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      Quote Originally Posted by Berna View Post
      No actually, kibble takes longer to be digested.

      I agree with Labradorks, try feeding 2% of her weight and go from there.
      Oops--I had it backwards. I thought kibble would be digested faster, but it makes sense that it would take longer to break down processed food than raw whole foods.

    7. #7
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      Quote Originally Posted by Labradorks View Post
      It's usually by weight not volume. And it depends on the dog. However, it's generally 2 - 3%. I started at 2% and made changes based on my dog's weight and current activity level. For example, my younger dog (20 months) eats about 2.5% and my older dog with an ongoing weight problem gets about 1%.

      The food you're feeding sounds fine, though I might have waited a bit to add the liver, heart, and egg. The liver and heart can be rich and the fat in the egg can be rich to some dogs. I feed these things, but only now that everyone is acclimated. That said, see how it goes and if it's no problem, that's great! Both of my dogs, prior to the switch, has a propensity for random diarrhea, so I was extra careful.

      Also, do you know that you don't have to grind the meat/bones? There are a lot of advantages to feeding the food whole that you just won't get with grinding it up.

      Welcome to the world of raw!
      Thanks for the info. I was concerned that I was overfeeding my dog. The ammount of raw food vs kibble is about twice the volume. But then the ammount of calories in a cup of kibble is about twice that of raw, so this make sense. I realize that by grinding my meats I am depriving my dog of her natural instinct to tear and chew her meat. But my dog is a gulper. She swallows chicken wings whole, so to begin I wanted to avoid intestinal problems. Once she is acclimated to a raw diet I may move on to a prey diet.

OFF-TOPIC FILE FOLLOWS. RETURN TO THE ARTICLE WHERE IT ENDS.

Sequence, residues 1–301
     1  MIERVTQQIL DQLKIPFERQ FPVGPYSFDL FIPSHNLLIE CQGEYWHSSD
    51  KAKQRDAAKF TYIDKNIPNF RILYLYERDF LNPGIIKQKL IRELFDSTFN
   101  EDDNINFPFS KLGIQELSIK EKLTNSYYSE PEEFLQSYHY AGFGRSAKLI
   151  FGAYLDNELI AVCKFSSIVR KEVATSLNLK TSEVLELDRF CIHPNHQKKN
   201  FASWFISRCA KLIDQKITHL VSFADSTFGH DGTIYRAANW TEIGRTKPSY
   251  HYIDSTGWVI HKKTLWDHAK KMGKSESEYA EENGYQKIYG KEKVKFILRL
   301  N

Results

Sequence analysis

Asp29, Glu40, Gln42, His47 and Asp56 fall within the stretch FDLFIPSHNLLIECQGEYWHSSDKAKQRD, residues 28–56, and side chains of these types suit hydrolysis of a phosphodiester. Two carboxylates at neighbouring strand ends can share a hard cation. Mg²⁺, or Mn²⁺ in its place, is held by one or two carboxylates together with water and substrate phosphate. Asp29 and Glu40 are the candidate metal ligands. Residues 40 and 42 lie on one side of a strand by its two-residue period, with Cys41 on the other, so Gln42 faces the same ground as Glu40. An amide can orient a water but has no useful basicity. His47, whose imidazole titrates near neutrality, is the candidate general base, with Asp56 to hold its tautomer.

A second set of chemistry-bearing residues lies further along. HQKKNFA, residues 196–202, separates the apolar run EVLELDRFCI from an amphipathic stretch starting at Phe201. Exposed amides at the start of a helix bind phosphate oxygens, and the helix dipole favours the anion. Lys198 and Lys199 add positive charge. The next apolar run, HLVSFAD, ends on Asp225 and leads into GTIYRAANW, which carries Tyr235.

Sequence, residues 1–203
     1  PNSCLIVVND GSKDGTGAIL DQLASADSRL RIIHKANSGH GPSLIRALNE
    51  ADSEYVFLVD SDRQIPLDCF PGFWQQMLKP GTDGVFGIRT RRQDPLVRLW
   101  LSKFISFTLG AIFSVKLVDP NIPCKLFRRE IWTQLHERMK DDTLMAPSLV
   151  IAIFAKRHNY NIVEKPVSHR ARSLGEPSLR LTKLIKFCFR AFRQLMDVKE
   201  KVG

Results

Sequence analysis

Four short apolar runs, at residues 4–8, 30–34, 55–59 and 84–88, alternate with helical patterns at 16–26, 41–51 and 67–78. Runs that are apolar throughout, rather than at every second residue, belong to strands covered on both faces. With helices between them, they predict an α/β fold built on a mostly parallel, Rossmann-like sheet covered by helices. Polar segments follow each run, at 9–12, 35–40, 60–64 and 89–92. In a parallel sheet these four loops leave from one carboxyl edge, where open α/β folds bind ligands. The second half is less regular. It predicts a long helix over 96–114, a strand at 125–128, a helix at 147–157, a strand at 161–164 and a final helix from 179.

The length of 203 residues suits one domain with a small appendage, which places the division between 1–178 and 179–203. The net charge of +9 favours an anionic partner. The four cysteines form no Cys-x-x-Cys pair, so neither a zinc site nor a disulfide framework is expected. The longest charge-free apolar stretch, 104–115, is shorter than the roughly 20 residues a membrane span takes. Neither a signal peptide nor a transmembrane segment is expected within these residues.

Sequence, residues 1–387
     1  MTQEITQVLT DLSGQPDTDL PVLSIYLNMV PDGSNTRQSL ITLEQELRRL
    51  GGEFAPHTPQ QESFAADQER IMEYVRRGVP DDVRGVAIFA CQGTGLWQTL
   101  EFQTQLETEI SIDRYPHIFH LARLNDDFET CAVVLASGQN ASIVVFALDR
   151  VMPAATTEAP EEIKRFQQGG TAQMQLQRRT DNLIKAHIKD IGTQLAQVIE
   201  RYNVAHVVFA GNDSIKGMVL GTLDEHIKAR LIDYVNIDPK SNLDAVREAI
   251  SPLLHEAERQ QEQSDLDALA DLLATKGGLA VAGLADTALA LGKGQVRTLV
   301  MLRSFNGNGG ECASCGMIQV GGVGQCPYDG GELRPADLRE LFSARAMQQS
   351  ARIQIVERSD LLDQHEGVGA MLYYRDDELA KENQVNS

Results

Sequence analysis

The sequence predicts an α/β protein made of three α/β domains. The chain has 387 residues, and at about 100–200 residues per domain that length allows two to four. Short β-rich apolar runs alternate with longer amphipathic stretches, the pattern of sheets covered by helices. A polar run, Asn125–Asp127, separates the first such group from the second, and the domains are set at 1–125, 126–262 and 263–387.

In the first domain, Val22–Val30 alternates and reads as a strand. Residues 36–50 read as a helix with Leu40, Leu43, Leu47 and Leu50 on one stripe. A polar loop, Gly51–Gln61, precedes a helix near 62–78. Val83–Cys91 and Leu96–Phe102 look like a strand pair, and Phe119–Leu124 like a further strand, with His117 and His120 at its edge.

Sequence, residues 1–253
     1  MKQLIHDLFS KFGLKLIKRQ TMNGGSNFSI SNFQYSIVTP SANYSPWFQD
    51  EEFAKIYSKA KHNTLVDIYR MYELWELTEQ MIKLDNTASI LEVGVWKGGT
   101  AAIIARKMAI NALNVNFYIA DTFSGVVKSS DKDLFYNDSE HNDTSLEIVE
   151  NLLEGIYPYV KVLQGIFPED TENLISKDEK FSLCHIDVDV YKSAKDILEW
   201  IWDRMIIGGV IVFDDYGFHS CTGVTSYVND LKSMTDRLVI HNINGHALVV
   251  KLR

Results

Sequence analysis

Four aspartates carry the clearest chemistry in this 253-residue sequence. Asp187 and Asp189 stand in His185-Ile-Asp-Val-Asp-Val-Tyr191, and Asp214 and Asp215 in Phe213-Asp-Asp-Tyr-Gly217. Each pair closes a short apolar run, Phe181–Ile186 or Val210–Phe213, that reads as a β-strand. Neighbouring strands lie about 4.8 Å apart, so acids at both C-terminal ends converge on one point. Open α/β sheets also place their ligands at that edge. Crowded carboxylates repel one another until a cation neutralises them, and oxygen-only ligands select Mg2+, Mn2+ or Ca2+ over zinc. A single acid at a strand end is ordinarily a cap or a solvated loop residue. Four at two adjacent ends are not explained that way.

Last edited by YellaSadie; 03-27-2015 at 10:39 PM.

    8. #8
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      We followed the percentage charts based on age/weight and activity level and ended up feeding too much - but that's easy to adjust. Just watch her waist/ribs and reduce or increase accordingly. We also waited a couple of weeks to add the organs which are very rich. The first couple of weeks we had yucky poop almost like they were detoxing. Then we got to the small compact poops that are a great side effect! If they strain too much back off the bone a little. When we first started raw our dogs inhaled the wings too so we stopped them. We tried it again almost a year later and now they all get one or two each morning. I can hear them crunching through the bone. I think in the beginning they loved the raw so much they inhaled it. After it became more normal they slowed down a bit.

    9. #9
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      Thanks, Shelly. I'll try the chicken wings again sometime down the road. 48 hours and her poops are small and solid. This is with 80% meat, 10% bone, 10% organ and some veg thrown in. I also added a can of sardines to her dinner. She seems to be doing just fine, although I don't want to tempt the cannon butt gods.

    10. #10
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      There is now some evidence kibble DOES digest faster than raw. I think the key statement is the last paragraph.

      DIGEST THIS: Kibble May Actually Digest Faster Than Raw | The Raw Feeding Community

      Chicken wings are pretty small and easy to gulp. What about a turkey neck? The ones my raw supplier gets are huge, much bigger than any that ever came stuffed inside a turkey I bought to cook for ourselves. To start I held on to one end so gulping whole was not possible. Well it isn't possible but they try anyway, some of them, think they are pythons. I wore cheap cotton gardening gloves so I could get a grip.